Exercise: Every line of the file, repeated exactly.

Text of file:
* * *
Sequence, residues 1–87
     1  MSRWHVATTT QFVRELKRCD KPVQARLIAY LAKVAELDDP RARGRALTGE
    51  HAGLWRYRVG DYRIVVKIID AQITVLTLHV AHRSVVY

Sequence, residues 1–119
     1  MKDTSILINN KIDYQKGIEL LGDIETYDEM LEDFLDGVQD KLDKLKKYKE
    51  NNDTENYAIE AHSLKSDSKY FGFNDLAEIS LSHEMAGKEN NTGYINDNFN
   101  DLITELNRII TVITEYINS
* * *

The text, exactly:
Sequence, residues 1–87
     1  MSRWHVATTT QFVRELKRCD KPVQARLIAY LAKVAELDDP RARGRALTGE
    51  HAGLWRYRVG DYRIVVKIID AQITVLTLHV AHRSVVY

Sequence, residues 1–119
     1  MKDTSILINN KIDYQKGIEL LGDIETYDEM LEDFLDGVQD KLDKLKKYKE
    51  NNDTENYAIE AHSLKSDSKY FGFNDLAEIS LSHEMAGKEN NTGYINDNFN
   101  DLITELNRII TVITEYINS